AWC - Funded Research

Investigating crop management options to lessen the impact of fusarium head blight in wheat

Canadian Agricultural Partnership (CAP) Wheat Cluster Project

AWC contribution: $98,263

Summary:

The importance of using an integrated approach to lessen the FHB issue has been emphasized to prairie producers and industry over the last 10 years. Unfortunately, producer experiences over the last several years have shown that even when using a “resistant” variety, avoiding host-on-host rotations, and using fungicide; when the weather is favourable and F. graminearum is well-established, significant yield and grade losses and deoxynivalenol contamination still occur. Outbreaks of FHB in some areas have greatly compromised producers’ ability to successfully grow and market wheat, thus prompting some producers to re-evaluate wheat as crop of choice and instead look at other cropping options. For example, in areas of the northern Great Plains the acreage of small grain cereals such as wheat and barley has fallen significantly over the last 10-20 years with FHB being one of the main driving factors behind this.  To maintain a viable sector for production of various wheat classes and to face the challenges posed by FHB, a concerted effort is needed to support cropping systems research to investigate strategies that lessen the impact of FHB given that current solutions related to resistance and fungicides only provide suppression at best.


Objectives:

The proposed research will primarily focus on cropping strategies to: reduce the amount of inoculum (primarily infested crop residues); and reduce the extent of host infection. The objectives of the proposed research are:

  1. Can cropping and harvesting practices used by producers influence the level of FHB inoculum and risk in terms of infested-crop residues?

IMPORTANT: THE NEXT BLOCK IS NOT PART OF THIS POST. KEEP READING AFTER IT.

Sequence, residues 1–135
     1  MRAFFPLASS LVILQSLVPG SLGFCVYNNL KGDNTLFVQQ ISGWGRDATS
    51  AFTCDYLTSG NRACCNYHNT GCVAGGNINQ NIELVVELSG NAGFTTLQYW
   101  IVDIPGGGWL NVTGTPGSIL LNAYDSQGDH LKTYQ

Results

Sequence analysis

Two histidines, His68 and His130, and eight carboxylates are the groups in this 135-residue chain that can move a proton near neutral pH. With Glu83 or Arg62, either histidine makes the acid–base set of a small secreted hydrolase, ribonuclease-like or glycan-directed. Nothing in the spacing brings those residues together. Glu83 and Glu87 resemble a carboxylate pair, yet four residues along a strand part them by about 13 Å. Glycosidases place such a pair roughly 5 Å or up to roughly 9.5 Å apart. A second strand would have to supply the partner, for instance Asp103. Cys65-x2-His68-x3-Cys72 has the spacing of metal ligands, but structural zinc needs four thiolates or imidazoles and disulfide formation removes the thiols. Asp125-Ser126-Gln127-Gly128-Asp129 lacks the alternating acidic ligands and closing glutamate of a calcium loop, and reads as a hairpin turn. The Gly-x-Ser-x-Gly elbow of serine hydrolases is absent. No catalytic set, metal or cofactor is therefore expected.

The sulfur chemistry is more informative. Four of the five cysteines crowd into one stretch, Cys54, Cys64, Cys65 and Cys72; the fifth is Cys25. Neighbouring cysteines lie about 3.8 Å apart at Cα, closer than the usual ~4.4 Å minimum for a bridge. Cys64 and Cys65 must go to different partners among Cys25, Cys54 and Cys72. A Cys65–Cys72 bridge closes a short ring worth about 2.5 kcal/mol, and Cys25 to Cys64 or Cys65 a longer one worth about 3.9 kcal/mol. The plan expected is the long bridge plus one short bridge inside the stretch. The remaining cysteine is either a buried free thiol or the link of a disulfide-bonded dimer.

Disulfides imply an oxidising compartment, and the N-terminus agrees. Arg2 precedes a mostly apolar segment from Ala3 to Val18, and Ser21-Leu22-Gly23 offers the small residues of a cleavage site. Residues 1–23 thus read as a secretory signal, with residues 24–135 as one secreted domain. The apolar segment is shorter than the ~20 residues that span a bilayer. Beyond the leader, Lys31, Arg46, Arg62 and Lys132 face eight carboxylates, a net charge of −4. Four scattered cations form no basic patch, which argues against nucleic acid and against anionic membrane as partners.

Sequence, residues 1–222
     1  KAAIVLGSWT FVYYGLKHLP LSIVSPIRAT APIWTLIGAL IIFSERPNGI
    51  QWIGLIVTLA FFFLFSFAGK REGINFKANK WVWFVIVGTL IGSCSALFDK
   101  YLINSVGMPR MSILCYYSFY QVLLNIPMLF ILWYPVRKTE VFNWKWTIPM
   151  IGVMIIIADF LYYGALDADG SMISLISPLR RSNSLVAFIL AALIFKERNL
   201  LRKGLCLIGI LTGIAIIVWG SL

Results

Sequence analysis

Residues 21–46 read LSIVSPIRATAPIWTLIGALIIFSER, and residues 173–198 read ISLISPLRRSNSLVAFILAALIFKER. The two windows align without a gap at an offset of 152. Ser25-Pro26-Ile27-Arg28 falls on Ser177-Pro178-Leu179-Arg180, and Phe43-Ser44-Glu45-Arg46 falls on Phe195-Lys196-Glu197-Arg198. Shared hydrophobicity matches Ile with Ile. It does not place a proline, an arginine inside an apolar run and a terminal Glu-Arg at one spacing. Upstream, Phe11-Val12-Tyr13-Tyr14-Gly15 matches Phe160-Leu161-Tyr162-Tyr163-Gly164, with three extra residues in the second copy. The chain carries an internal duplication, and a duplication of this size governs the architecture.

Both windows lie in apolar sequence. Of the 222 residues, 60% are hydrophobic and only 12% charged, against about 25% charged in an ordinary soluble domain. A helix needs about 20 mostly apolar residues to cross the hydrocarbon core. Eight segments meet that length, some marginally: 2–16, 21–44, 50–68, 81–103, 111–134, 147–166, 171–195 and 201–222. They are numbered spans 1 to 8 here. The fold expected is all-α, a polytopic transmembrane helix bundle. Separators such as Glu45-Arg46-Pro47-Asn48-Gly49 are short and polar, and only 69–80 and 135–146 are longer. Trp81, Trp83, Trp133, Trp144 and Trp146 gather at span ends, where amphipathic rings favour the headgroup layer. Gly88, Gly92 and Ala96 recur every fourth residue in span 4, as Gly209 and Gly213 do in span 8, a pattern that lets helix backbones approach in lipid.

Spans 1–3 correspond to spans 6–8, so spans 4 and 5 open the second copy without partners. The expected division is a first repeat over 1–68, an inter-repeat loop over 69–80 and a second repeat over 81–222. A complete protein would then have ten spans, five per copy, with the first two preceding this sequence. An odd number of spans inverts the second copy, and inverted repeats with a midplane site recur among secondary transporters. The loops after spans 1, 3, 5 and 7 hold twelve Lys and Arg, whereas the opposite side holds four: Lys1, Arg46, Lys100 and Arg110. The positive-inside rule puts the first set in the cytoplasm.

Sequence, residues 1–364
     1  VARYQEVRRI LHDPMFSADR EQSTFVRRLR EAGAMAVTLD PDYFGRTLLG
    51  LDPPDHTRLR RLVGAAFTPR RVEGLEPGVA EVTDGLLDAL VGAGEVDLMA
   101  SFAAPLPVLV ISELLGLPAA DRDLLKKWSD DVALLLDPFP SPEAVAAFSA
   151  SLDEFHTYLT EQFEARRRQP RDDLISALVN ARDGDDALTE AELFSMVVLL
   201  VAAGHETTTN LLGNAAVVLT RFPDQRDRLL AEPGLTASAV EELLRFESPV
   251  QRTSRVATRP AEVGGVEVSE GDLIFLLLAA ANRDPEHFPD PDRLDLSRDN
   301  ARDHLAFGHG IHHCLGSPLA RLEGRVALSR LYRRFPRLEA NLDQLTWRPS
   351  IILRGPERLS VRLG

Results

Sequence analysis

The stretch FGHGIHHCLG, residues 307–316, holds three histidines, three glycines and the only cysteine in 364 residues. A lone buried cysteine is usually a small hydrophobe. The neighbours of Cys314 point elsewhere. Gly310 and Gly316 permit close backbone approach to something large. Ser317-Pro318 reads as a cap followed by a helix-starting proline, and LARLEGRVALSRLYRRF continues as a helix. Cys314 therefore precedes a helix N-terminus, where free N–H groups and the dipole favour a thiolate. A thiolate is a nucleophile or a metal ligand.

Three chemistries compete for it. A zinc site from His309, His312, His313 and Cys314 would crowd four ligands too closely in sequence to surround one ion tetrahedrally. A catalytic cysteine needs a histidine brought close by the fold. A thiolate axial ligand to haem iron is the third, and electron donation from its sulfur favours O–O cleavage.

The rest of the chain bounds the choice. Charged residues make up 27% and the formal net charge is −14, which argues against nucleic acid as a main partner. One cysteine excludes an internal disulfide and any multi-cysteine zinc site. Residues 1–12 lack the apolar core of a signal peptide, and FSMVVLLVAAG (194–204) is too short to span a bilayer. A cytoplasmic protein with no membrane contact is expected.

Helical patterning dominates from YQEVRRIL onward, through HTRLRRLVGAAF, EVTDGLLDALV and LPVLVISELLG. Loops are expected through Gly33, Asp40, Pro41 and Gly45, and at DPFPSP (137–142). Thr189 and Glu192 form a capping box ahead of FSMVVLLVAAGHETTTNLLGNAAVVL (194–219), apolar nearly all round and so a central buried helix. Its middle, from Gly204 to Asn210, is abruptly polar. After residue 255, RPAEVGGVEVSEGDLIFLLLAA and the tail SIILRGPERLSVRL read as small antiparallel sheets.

2. Can cropping and harvesting practices used by producers influence the extent of host infection?
  3. Can cropping practices be used to promote a synergistic reduction in both inoculum availability and host infection?


Research areas will focus on:
A. Strategies to reduce the amount of FHB inoculum

  1. The impact of extending the rotational intervals with non-host crops
  2. The potential synergistic impact of rotation with harvest method/residue management, and fungicide application

B. Strategies to reduce the extent of host infection

  1. The potential impact of row spacing on resulting FHB and DON levels. 
  2. The impact of seeding rate and row spacing in relation to the efficacy of fungicide application and the potential for dual applications to reduce FHB development and mycotoxin contamination.


Bio:

Dr Kelly Turkington is a plant pathologist with the Lacombe Research and Development Centre, Agriculture and Agri-Food Canada (AAFC), in Lacombe, Alberta, and is part of the joint Alberta/Canada Barley Development Group.  He received a Bachelor’s of Science in Agriculture in Agricultural Biology in 1985, and M.Sc. and Ph.D. degrees in Plant Pathology from the Department of Biology at the University of Saskatchewan.  Kelly’s research at Lacombe focused  on fusarium head blight with projects related to monitoring for Fusarium graminearum in cereals, grasses and corn, as well as investigating shifts in the pathogen in the 2000’s. In addition, his research has looked at the development of risk management strategies for fusarium head blight in relation to infested seed and feed as well as forecasting the potential distribution and severity of F. graminearum over the prairie region under dryland and irrigated production scenarios.  Currently, Kelly is leading two Wheat and one Barley Cluster projects across Canada that are focused on improving in-field management of fusarium head blight.